All but mathematically unable to catch Liverpool and with little prospect of being pipped by a stuttering Leicester, Premier League games must currently feel like curiously pointless tasks for Manchester City.
Win, lose or draw, City are highly likely to come second in the table and are almost certain to finish in the top four, ensuring another year of Champions League football – possible bans notwithstanding.
As such, it should be no surprise if Pep Guardiola’s appear to be missing that oft-talked about extra one or two per cent – even in a derby – that can make all the difference in elite sport.
Manchester United, on the other hand, have it all to play for.
They lie fifth, in striking distance of Chelsea, who currently occupy the last Champions League place, but have six teams within six points behind them, lying in wait should they make any slip-ups.
When City faced their bitter local rivals at Old Trafford on Sunday it was clear to see which team had more at stake.
Man for man, City are the better team, have the better squad and the better manager. But here United simply applied themselves better.
Bruno Fernandes set the tone with his pressing from the No10 position, chasing down Fernandinho and Nicolas Otamendi as Anthony Martial and Daniel James played as split strikers.
It was visible in the aggression of Martial, who won a challenge with Fernandinho and drew a save from Ederson moments before volleying United in front from Fernandes’ quickly taken chipped free-kick.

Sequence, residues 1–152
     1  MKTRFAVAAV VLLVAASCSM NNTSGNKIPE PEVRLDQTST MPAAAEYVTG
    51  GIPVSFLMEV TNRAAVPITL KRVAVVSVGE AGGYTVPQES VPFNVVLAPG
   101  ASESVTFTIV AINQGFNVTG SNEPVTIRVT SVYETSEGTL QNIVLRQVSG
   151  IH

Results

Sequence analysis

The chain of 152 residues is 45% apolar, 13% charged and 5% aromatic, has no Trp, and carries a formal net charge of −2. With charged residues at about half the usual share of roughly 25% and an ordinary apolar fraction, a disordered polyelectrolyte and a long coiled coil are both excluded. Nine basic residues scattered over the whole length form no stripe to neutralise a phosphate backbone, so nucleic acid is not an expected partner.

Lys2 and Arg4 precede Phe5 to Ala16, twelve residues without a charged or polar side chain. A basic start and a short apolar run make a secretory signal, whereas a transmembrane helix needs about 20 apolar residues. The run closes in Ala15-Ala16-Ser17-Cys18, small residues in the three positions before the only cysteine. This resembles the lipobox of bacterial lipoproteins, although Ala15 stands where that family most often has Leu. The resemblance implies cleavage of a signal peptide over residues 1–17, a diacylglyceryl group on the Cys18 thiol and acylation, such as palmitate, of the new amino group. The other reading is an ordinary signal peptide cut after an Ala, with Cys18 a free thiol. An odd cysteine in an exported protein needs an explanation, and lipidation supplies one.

So, too, in the unfailing focus of Aaron Wan-Bissaka, the clear winner of his duel with Raheem Sterling, and in the inexhaustible box-to-box running of Fred.
Are City at risk of being undercooked in Europe?
City, meanwhile, looked a pale shadow of their brilliant best; neat, tidy, at times even incisive yet lacking killer instinct.
Without Kevin De Bruyne, Phil Foden was given the chance to build on his stellar Carabao Cup final display against Aston Villa, but the 18-year-old was virtually anonymous.
Sterling failed to convert his best opening, on the stretch from substitute Riyad Mahrez’s early right-wing cross, as United’s five-man defence smothered City’s attempts to in behind.
At the back they were suspect, especially in the channel between a jittery Otamendi and Oleksandr Zinchenko, although it was Ederson at fault for both goals.
The Brazil No1 let Martial’s volley squirm under him for the first and then, six minutes into injury time, launched a throw straight to Scott McTominay, who gleefully fired back into an unguarded net.
In his previous job, Guardiola’s failure to convert Bayern Munich’s domestic excellence into European glory led to suggestions that their Bundesliga dominance was hurting them.
Winning the German title with such ease and so early robbed them of meaningful games from around March onwards, leading to undercooked performances in the Champions League – or so it went.
City are certainly still capable of turning it on, as Aston Villa last week and Real Madrid a few days prior can attest, but a procession of meaningless fixtures is not ideal preparation for the remaining tests that do matter.